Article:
The Advisory Council to the Director (ACD) at the National Institutes of Health (NIH) recently received updates on topics related to the practice and support of biomedical research. During sessions held at the NIH campus in Bethesda, MD on June 8 and 9, NIH leadership briefed the ACD on issues, including recommendations for rigor and reproducibility (R&R), physician-scientists training programs, and supporting workforce diversity.
Michael Lauer, MD, deputy director for extramural research, summarized policies and recommendations supporting the R&R of NIH funded research, an effort mandated by Section 2039 of the 21st Century Cures Act. He described how input provided by scientific review and program officers through structured interviews during the summer of 2016 informed the framework of NIH strategy to implement R&R policy. Among them were a requirement that grant applications and associated summary statements address R&R and that each grant be quantitatively assessed for measures of R&R by an online-interfaced ratings management system. In the discussion, the ACD addressed questions concerning data stewardship, reagent verification, and validation of animal models in disease.
Lauer also discussed ongoing initiatives of the Physician Scientists Working Group. He presented data demonstrating that fewer physicians receive independent grants and awards, and are doing so at later ages. To address this, the working group proposed increasing the frequency and number of laboratory research opportunities in the Medical Scientists Training Program (MSTP). This initiative is also designed to enroll first and second year medical students who are interested in gaining a meaningful research experience. The modified research-oriented MSTP program is expected to be supported by a dedicated institutional training grant (T32). Additionally, NIH plans to issue new physician-scientists specific granting mechanisms to facilitate their transition to independence at earlier ages.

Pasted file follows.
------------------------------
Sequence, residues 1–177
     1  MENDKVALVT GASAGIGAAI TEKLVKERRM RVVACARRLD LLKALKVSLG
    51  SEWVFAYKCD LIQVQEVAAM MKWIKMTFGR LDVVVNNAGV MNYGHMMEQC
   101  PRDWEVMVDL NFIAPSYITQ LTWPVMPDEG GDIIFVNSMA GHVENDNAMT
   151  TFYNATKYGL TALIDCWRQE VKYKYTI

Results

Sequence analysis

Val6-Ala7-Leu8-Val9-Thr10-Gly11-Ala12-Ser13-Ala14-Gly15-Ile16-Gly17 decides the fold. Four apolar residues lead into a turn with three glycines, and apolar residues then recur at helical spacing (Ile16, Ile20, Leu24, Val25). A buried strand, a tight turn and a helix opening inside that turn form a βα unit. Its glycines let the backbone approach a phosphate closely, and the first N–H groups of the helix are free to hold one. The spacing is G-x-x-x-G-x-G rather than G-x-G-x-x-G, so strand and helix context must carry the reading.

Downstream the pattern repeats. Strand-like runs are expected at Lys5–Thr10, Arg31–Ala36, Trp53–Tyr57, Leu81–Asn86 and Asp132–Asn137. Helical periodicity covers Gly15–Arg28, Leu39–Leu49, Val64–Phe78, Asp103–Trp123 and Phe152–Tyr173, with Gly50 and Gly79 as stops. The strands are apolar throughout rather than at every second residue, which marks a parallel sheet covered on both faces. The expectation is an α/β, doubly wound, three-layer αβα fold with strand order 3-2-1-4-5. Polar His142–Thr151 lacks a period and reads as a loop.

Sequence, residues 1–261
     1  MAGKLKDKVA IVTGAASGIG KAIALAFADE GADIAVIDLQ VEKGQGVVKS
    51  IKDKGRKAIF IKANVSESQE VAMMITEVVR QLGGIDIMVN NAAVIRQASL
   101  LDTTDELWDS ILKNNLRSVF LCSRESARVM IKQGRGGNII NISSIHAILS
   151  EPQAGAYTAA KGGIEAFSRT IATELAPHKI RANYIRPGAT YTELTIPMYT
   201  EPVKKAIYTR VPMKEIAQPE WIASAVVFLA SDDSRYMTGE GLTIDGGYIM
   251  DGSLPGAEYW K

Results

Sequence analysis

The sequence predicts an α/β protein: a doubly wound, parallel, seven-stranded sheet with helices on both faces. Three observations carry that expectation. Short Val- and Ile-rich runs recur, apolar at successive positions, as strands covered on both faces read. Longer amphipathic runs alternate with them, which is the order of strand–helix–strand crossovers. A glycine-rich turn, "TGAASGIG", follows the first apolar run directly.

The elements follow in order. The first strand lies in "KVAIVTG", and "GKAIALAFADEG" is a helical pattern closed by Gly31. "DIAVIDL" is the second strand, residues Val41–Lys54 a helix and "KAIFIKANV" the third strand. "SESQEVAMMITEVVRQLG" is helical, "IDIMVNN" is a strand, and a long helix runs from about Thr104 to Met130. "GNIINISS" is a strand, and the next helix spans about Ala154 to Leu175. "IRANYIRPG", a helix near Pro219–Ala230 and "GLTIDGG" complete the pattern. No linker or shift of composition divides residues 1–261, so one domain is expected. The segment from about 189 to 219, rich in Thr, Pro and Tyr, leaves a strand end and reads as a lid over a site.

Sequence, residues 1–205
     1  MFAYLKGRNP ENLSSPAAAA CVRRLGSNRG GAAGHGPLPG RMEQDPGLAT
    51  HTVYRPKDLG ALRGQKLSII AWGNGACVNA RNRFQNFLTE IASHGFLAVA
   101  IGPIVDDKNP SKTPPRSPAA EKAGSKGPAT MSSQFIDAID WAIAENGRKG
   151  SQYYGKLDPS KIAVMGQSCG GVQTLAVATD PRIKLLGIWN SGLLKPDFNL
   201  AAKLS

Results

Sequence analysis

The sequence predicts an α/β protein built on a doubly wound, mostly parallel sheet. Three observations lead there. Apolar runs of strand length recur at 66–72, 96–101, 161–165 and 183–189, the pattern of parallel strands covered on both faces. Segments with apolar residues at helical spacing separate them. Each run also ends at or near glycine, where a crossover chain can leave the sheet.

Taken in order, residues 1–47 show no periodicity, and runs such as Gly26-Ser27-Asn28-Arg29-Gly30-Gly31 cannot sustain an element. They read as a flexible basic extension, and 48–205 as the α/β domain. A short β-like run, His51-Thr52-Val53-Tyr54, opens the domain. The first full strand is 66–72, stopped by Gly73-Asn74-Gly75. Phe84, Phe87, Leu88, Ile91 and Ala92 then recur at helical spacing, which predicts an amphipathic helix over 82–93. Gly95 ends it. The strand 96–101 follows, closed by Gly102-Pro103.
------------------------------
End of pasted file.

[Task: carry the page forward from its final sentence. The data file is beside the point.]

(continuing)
NIH efforts to support the diversity of trainees and faculty in biomedical research were described by Hannah Valantine, MD, director of the office of scientific workforce diversity (SWD). In response to recommendations made by an earlier ACD Working Group on Diversity in Biomedical Research Workforce Report released in 2012, the SWD analyzed demographic trends in NIH support of biomedical researchers with respect to race and assessed the status of the NIH investment in diversity-focused programs at different career stages. Dr. Valantine highlighted how this analysis revealed striking and consistent gaps in support, recruitment and retention for underrepresented minorities (URMs), particularly for African American researchers. To combat these discrepancies, SWD established and supports three flagship programs in an integrated extramural diversity effort. Known as the National Diversity Program Consortium, it consists of the Building Infrastructure leading to Diversity (BUILD) program, The National Research Mentoring Network, and the Coordination and Evaluation Center. This initiative is designed to quantitatively assess the efficacy of diversity and outreach efforts in a systematic way, and to inform a data-driven determination of how future programs should be designed and executed on best practices. Finally, Dr. Valantine laid out the working group on diversity recommendations for 2017, which broadly aim to foster a culture of accountability in institutional processes, to focus on supporting URMs at career transition points, and to deploy proactive interventions supporting unbiased peer review.